Several drugs are being developed to treat the aberrant wound healing of fibrosis in IPF. In the following paragraphs, I will discuss the following treatment regimens: nintedanib and pirfenidone combination therapy, pentraxin-2 (purified serum amyloid P), pamrevlumab, GLPG1690 (autotaxin inhibitor), omipalisib, and TD139 (galectin-3 inhibitor).

Nintedanib and pirfenidone combination therapy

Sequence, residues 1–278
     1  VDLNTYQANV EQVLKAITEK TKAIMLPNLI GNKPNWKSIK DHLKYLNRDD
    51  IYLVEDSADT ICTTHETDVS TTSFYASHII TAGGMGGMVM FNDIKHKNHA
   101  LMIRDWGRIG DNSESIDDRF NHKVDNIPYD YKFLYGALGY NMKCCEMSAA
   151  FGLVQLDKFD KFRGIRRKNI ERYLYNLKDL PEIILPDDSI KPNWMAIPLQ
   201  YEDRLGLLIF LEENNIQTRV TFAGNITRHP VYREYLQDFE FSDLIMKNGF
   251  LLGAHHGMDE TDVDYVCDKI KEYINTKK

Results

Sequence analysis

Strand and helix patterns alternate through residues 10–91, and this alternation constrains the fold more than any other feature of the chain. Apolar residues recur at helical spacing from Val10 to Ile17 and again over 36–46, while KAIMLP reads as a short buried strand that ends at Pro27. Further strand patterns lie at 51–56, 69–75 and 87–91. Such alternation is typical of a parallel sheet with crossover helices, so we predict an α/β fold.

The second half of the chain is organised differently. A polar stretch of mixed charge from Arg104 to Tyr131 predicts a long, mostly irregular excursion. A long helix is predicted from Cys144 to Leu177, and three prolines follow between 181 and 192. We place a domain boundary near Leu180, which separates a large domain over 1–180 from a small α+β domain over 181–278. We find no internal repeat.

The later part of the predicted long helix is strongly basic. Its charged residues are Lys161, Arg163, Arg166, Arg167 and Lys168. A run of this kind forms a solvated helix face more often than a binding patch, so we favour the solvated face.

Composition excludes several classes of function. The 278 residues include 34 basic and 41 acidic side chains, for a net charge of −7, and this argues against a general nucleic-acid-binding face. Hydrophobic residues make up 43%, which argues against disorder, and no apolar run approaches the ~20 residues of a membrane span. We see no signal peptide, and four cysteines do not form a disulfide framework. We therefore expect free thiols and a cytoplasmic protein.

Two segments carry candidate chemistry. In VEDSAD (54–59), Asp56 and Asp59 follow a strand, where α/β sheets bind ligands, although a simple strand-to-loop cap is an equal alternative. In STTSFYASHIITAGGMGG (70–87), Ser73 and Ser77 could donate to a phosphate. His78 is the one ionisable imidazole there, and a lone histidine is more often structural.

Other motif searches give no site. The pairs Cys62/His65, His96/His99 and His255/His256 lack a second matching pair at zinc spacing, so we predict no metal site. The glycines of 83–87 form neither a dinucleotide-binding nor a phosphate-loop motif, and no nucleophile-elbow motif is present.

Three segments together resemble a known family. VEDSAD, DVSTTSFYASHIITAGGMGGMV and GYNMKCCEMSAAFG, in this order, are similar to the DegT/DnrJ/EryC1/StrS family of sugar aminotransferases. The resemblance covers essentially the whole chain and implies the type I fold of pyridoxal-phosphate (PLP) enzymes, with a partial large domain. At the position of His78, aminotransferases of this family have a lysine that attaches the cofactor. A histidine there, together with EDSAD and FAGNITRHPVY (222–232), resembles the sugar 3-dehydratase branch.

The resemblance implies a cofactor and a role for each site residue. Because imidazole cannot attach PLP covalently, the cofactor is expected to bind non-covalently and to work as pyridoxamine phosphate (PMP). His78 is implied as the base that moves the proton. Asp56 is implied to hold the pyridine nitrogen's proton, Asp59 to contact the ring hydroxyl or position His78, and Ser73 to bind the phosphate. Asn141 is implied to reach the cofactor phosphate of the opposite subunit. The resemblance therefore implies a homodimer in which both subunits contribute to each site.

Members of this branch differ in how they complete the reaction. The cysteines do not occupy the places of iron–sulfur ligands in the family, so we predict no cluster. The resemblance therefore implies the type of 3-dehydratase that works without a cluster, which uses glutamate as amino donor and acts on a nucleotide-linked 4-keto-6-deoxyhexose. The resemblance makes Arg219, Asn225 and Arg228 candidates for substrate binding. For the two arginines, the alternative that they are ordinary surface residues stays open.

Due to the pleiotropic nature of disease pathogenesis in IPF, combination treatment regimens are now being implemented. Pirfenidone has pleiotropic effects, including antifibrotic, anti-inflammatory, and antioxidant properties. Although it attenuates fibrosis in many animal models—including fibrosis of the lungs and other organs [46]—its antifibrotic molecular targets have not been identified [47]. Nintedanib is a multi-target inhibitor of tyrosine kinase. Targeted kinases include vascular endothelial growth factor (VEGF) receptors 1, 2, and 3; platelet-derived growth factor (PDGF) Rα and PDGFRβ; fibroblast growth factor (FGF) receptors 1, 2, and 3; lymphocyte-specific protein tyrosine kinase; Lyn; and Src [48]. Several fibrotic mediators—e.g., transforming growth factor β (TGFβ), interleukin 1, tumor necrosis factor α, and basic FGF—exhibit PDGF-dependent fibrosis activity or stimulate PDGF expression in animal models [49]. FGFs and their receptors have various functions that regulate cell proliferation, survival, migration, and differentiation, which may be involved in profibrotic processes [50]. VEGF, FGF, and PDGF are also involved in the abnormal angiogenesis that is a feature of IPF [51].